Speaking Point: 1. Nothing gets a “mompetitor's” juices flowing more than hearing about the accomplishments or achievements of someone else's kids. Just mention to her that your child started walking, or was chosen for the elite soccer team, or was accepted to a prestigious college, and you’ll see her instantly kick it into high gear, making sure her child outshines yours! Who is that competitive mom and how can you spot her?
Speaking Point: 2. Competition among moms comes out not only through their kids, but with each other. They feel they must be the best—the most organized, the thinnest, the best dressed, and the most liked by the other moms. Their homes have to be the cleanest, their husbands the most supportive, and their lifestyles the most envied. This puts tremendous pressure on their families to be perfect, and it definitely weighs heavily on their shoulders. The price for this behavior is tremendous, affecting the children, spouses, friends, and the competitive women themselves.
Speaking Point: 3. What causes some moms to compete with one another rather than work together? The competitive mindset is based on a flawed belief that to be good enough we have to prove that we’re the best—and that allowing others to shine will somehow diminish our own light. Because some women feel so deeply threatened by other women, they view them as opponents, enemies, and rivals, rather than partners and confidants. Insecurity and insufficiency are the hidden mechanisms that drive some moms to compete rather than collaborate.
Speaking Point: 4. When our competitive needs spill over onto our children, we change the people they are. They start becoming as anxious and as driven as us, thinking they are only as good as their latest accomplishments. They may grow up feeling they have to be perfect to prove themselves worthy of our love. The saddest consequence of our unrelenting need to see them “win-at-all-costs” is that our children will feel as if they’re never good enough. Their focus will always rest on their few failings, not their many accomplishments.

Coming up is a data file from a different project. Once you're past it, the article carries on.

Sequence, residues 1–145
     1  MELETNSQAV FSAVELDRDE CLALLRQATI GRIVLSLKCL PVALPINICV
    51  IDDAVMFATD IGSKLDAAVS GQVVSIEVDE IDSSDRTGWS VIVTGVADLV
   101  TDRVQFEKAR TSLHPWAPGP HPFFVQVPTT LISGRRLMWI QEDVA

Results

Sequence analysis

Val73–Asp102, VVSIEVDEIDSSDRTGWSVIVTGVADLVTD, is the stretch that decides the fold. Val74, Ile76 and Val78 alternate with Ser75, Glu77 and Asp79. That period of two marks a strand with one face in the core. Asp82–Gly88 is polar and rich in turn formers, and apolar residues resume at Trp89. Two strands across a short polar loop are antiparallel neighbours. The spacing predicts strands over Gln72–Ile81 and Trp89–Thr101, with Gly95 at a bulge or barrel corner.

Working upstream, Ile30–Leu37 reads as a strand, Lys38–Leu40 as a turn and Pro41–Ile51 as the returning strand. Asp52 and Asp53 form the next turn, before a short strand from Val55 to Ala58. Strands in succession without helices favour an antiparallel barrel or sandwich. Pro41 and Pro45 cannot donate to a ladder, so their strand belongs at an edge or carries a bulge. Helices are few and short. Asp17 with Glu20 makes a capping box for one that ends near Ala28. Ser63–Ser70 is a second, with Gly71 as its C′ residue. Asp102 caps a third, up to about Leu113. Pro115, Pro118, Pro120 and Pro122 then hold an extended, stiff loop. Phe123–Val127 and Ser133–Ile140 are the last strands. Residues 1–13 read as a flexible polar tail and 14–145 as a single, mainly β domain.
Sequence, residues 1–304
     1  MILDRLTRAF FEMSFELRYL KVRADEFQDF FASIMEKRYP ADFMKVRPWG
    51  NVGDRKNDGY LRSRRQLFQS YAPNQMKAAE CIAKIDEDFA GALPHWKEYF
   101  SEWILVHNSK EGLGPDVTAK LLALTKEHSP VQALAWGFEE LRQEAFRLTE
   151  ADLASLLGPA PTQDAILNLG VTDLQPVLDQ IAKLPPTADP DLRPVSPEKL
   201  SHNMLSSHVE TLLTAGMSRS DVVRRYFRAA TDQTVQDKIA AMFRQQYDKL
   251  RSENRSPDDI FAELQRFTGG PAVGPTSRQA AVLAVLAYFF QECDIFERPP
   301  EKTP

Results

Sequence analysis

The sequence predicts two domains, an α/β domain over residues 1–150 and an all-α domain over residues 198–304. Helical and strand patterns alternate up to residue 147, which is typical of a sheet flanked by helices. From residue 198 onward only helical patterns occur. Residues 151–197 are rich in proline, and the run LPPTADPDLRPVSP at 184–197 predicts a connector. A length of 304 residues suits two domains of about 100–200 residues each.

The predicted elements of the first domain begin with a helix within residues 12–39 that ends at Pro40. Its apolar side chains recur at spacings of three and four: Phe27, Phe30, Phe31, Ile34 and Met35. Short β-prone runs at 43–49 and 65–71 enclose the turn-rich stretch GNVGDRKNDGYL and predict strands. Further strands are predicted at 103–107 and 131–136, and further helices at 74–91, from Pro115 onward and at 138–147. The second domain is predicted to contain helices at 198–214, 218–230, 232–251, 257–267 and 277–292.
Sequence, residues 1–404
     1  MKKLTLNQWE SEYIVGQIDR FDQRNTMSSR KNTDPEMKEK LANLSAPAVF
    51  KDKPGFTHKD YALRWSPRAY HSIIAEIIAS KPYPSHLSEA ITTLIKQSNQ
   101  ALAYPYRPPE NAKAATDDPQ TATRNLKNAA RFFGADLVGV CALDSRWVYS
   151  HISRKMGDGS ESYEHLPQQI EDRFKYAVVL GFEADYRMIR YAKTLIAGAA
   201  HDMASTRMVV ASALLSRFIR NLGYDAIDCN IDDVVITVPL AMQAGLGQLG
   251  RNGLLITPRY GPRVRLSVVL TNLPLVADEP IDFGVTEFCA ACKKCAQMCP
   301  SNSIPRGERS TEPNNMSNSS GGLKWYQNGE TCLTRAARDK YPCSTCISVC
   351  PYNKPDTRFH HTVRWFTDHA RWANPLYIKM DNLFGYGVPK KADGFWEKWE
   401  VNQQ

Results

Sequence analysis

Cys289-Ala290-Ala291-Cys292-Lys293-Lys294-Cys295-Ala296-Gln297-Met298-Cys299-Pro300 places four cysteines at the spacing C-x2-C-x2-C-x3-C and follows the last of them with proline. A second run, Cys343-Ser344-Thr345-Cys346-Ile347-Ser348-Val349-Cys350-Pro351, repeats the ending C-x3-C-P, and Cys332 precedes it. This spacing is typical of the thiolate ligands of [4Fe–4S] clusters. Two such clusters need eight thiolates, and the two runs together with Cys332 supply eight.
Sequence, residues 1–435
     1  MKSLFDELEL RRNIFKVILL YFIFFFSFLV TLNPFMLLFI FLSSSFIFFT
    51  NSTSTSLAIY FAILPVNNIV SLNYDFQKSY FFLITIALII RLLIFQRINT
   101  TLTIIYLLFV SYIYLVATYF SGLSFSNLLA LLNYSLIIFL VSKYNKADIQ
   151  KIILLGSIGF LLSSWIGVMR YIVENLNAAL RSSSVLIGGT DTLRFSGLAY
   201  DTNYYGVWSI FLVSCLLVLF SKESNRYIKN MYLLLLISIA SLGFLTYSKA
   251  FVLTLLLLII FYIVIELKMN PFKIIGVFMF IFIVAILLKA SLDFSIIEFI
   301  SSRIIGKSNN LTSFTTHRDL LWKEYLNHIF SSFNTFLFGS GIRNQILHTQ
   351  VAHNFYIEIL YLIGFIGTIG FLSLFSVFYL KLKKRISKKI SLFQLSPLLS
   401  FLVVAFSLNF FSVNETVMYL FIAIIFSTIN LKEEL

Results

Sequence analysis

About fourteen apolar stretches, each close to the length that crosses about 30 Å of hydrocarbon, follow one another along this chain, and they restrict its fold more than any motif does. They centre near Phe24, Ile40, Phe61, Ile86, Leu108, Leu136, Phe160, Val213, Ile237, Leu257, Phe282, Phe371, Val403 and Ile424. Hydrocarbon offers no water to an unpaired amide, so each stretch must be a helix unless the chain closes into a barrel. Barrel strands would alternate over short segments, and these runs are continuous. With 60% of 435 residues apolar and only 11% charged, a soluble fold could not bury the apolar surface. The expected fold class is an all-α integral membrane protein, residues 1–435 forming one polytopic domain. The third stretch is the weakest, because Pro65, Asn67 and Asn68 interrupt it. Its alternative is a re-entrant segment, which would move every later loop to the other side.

Speaking Point: 5. What can we do when we find ourselves among a “mompetitor”? Resist the urge to go toe to toe with her. Take a moment to reflect on the qualities that make you a good parent and the qualities that make your children unique and undeniably precious. Validating your worth (and maybe even validating hers too) keeps you out of the fray of competition.
Speaking Point: 6. When we focus our time and attention on comparing and competing with other moms, we have very little energy left over to invest in enriching and enjoying our own lives. When we fall into this competitive trap, we end up diffusing our own creative power. All of the energy we use to hold each other back can be redirected towards creating any outcome that we desire as women.